LIFESTYLE
12/07/2018 09:36 SAST | Updated 12/07/2018 09:36 SAST

Running A Hot Dog Stand In New York Can Cost You As Much As R4-Million Per Year

To park your cart outside the Metropolitan Museum of Modern Art, you will pay R1.7-million for a licence, according to Viewing NYC. That price has reportedly once topped R4.5-million...

New York City's (NYC) hot dog stands are a regular feature of city life, but getting a permit to operate one can be extremely hard, and costly.

NYC needs to restrict the number of hot dog stands to prevent the streets from being overrun by them.

According to the website Viewing NCY, there are only 3,100 hot dog licences in NYC. Some people have reportedly been on the waiting list for a permit for 20 years.

But there's no waiting list for permits for stands in the city's parks. Instead, these licences reportedly go up for auction every five years. Prices can get really, really high.

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A hot dog cart vendor screws in a new lightbulb on to his fast food cart on 5th Avenue in Manhattan, New York.

The cheapest available licence in NYC is for Inwood Park, for just $700 (~R9,500) per year. But there's not much money to be made here, and one owner reportedly makes, at the most, $5,000 (~R67,400) per year.

But for the more profitable ones, like ones inside Central Park, the prices rise dramatically. To park your cart outside the Metropolitan Museum of Modern Art, you will pay $125,170 (R1.7-million) for a licence, according to Viewing NYC. That price has reportedly once topped $400,000 (~R4.5-million).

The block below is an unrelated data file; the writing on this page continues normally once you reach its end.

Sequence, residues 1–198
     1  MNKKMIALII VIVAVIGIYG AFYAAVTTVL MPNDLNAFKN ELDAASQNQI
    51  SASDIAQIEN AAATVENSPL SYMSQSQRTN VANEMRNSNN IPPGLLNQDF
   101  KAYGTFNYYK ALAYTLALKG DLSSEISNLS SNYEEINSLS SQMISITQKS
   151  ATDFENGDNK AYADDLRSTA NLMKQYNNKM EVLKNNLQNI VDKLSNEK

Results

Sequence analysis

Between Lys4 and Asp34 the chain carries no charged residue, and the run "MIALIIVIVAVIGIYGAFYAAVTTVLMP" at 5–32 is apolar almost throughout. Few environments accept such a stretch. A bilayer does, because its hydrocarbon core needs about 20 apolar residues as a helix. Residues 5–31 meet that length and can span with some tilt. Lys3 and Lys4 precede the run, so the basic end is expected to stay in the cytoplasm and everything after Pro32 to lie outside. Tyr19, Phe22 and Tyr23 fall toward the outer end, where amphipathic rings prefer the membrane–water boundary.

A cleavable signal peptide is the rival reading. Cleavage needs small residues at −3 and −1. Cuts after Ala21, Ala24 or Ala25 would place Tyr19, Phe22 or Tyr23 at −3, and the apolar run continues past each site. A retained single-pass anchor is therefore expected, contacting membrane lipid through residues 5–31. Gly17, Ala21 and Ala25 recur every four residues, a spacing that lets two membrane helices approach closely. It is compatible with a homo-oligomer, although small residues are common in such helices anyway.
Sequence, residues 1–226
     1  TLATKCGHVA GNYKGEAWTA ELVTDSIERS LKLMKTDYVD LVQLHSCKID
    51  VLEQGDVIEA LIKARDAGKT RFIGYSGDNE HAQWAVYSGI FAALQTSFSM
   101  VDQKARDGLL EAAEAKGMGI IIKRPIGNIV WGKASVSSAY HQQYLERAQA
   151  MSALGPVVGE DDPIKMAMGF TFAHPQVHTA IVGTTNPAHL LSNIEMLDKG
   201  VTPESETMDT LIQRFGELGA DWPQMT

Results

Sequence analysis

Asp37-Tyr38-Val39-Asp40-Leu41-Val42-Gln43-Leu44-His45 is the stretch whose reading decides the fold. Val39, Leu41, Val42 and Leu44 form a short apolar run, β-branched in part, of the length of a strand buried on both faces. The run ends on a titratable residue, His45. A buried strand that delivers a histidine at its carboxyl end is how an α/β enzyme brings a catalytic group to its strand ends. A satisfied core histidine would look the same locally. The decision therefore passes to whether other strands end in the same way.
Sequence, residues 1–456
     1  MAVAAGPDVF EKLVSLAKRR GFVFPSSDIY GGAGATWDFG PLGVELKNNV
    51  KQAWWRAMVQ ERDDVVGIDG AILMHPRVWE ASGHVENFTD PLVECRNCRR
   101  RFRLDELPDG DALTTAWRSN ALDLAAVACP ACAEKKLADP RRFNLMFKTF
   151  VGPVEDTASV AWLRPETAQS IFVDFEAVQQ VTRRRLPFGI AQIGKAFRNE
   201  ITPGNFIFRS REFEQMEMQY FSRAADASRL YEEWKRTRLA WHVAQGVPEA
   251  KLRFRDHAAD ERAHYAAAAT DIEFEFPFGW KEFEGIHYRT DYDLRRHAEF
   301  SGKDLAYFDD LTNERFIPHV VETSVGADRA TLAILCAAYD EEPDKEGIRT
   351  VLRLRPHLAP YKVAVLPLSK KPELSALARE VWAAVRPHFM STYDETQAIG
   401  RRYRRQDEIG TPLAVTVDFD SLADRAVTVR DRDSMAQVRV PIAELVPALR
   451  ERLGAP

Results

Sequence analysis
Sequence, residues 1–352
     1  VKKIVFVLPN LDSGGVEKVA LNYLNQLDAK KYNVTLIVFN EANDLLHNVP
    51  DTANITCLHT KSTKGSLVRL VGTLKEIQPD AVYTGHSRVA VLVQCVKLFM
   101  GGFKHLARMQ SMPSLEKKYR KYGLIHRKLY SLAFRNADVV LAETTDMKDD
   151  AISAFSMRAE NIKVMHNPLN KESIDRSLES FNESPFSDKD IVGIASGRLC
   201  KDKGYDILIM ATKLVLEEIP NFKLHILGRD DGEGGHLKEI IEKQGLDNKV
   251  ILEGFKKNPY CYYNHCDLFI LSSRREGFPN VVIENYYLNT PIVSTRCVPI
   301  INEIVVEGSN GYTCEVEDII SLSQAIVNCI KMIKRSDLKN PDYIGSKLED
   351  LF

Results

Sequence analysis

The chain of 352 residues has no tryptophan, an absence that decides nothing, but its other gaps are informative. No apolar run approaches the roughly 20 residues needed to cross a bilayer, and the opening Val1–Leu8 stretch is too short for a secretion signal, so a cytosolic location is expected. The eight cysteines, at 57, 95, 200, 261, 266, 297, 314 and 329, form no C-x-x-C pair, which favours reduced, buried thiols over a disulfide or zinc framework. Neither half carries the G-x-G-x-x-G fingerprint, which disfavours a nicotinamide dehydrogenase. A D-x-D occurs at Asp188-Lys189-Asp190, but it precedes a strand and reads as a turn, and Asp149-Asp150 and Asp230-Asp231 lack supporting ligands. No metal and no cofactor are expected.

From there, the prices only increase. The most expensive licence to be had is outside the Central Park Zoo, for $289,500 (R3.9-million) per year.

With lots of foot traffic, long hours, and the cheap price of making a hot dog, hot dog stand owners turn a profit of about $100,000 (~R1.34-million) per year.

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Hot dog stand in New York City.

But it's not always easy. In 2013, the New York Times reported that Mohammed Mastafa from Queens, who owned a card near the Central Park Zoo, had to sell about half a million drinks and food to break even.

The high number of visitors to the city means that the stands can be profitable, and the prices vendors are prepared to pay for the stands has reportedly tripled in the last 10 years.

But the industry can be volatile. Many lost their businesses when parks are shut during natural disasters like Hurricane Sandy, and construction in and around the city also reportedly affects the business.